Purpose: The interest in combining radiation therapy (RT) with immunotherapy is increasing. We investigated the significance of lymphopenia in patients receiving immunotherapy for non-small cell lung cancer (NSCLC), and the factors associated with treatment-related lymphopenia, with particular emphasis on RT. Methods and Methods: In this retrospective single institution study, 268 patients with advanced NSCLC received immunotherapy, of whom 146 received RT. Lymphopenia was defined as an absolute lymphocyte count <1000 cells/mm.3 Patients were divided into 2 groups depending on the presence of peri-immunotherapy lymphopenia at the start of immunotherapy or during immunotherapy. Results: At median 6.4 months of follow-up, patients with peri-immunotherapy lymphopenia (n = 146; 54.5%) showed significantly poorer progression-free survival (PFS) (median PFS: 2.2 vs 5.9 months, P <.001) and overall survival (OS) (median OS: 5.7 vs 12.1 months, P <.001). On multivariate analysis, peri-immunotherapy lymphopenia remained a significant prognostic factor for both PFS and OS. RT significantly increased peri-immunotherapy lymphopenia with an odds ratio (OR) of 1.91 (P =.025). Factors associated with the development of RT-associated lymphopenia included multiple courses (OR, 3.78; P <.001), multiple irradiated sites (OR, 4.77; P =.018), and higher dose (≥50 Gy) (OR, 3.75; P =.004). Conversely, stereotactic body RT/radiosurgery reduced the risk (OR 0.21; P =.002). Conclusions: Lymphopenia was indicative of poor prognosis in NSCLC patients receiving immunotherapy and was significantly associated with more intensive RT. Choosing appropriate RT regimens and techniques may be essential in reducing lymphopenia. Promising results are expected in the era of precision RT.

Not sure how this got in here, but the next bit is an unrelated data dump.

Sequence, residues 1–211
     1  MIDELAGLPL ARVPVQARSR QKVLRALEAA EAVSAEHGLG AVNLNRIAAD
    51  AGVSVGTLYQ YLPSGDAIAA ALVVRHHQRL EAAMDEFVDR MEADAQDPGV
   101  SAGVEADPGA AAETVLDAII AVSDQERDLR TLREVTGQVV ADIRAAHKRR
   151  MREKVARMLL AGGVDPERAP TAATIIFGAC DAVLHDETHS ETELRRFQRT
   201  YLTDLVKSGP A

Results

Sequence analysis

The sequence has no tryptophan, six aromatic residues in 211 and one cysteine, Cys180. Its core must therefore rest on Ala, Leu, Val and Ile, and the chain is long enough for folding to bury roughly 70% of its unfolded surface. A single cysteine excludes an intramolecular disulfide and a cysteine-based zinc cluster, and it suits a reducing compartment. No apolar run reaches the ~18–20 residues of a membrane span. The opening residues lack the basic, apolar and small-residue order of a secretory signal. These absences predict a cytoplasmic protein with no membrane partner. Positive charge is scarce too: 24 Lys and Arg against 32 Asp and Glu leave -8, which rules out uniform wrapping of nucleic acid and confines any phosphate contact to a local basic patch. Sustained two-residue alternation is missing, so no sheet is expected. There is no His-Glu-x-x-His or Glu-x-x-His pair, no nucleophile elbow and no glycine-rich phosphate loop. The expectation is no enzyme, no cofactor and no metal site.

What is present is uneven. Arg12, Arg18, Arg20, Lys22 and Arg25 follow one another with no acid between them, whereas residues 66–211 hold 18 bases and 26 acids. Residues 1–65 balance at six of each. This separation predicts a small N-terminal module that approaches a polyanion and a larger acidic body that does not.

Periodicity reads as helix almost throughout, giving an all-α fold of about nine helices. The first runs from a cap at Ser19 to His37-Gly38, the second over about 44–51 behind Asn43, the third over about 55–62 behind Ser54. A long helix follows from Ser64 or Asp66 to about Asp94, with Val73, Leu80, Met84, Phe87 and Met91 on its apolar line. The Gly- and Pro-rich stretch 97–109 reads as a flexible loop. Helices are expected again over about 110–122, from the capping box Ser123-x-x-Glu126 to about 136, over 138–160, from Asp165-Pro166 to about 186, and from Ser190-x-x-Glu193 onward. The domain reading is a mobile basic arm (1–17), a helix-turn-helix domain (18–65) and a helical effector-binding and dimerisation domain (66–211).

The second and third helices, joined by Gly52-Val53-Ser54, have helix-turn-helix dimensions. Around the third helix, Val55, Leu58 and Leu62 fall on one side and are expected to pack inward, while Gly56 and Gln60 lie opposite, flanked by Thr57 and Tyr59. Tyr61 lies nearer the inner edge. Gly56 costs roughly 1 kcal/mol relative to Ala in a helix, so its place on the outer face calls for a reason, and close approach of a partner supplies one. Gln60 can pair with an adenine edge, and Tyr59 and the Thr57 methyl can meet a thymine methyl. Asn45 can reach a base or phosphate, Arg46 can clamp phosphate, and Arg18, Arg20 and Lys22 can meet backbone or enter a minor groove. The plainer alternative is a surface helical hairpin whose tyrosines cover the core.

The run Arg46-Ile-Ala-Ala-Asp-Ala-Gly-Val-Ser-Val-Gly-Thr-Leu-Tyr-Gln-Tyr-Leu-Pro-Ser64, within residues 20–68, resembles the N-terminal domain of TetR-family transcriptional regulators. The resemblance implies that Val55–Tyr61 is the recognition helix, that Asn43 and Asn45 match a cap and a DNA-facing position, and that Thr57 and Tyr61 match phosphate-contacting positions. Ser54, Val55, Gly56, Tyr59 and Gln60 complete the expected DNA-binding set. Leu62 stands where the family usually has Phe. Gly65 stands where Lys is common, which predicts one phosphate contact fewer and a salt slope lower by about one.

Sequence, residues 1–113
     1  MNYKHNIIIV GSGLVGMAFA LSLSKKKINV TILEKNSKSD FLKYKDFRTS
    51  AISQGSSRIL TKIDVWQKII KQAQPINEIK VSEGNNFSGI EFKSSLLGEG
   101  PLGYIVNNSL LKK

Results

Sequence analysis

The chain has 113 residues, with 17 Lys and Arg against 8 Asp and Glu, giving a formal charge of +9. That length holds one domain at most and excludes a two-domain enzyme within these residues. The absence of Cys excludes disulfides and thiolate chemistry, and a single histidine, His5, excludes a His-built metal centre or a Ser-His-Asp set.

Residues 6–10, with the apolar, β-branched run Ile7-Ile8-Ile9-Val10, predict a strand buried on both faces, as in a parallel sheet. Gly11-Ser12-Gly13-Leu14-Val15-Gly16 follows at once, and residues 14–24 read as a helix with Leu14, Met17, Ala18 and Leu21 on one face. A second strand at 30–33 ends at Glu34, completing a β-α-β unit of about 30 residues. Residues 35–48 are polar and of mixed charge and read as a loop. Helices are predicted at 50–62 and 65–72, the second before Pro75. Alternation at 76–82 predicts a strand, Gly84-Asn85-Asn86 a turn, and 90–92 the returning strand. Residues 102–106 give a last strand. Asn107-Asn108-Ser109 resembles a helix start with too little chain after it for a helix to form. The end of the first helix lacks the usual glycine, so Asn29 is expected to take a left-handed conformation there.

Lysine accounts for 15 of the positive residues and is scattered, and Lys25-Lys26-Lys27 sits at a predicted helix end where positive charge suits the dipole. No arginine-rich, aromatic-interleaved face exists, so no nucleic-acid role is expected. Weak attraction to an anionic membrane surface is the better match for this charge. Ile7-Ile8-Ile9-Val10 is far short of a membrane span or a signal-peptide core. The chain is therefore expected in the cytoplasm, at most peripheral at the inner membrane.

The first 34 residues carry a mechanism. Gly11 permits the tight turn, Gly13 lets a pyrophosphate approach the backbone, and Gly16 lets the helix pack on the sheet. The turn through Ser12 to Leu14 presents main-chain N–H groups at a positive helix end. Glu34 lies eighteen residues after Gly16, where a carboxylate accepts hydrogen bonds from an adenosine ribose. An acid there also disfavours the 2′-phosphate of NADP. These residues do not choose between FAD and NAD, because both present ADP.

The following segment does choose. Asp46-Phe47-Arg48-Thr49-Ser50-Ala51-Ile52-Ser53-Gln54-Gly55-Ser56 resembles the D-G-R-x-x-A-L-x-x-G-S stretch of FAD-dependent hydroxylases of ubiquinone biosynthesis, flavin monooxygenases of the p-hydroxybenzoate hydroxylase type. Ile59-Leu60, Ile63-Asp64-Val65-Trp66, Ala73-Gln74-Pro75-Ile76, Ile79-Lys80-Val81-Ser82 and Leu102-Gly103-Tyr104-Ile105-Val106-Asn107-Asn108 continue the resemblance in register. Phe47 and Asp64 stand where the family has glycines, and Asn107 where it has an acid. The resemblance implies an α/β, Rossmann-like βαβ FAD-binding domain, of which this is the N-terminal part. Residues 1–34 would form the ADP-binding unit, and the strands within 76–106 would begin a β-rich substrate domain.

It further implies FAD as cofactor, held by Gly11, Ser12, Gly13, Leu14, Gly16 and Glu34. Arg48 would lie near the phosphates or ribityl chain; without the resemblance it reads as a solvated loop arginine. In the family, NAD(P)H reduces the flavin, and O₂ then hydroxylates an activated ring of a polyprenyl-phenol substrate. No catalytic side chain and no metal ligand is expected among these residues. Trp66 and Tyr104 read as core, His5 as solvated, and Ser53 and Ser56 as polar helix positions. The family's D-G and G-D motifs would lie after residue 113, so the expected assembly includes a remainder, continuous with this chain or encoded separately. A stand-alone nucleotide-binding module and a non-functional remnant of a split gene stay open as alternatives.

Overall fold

|Journal||International Journal of Radiation Oncology Biology Physics|
|Publication status||Accepted/In press - 2019 Jan 1|
All Science Journal Classification (ASJC) codes
- Radiology Nuclear Medicine and imaging
- Cancer Research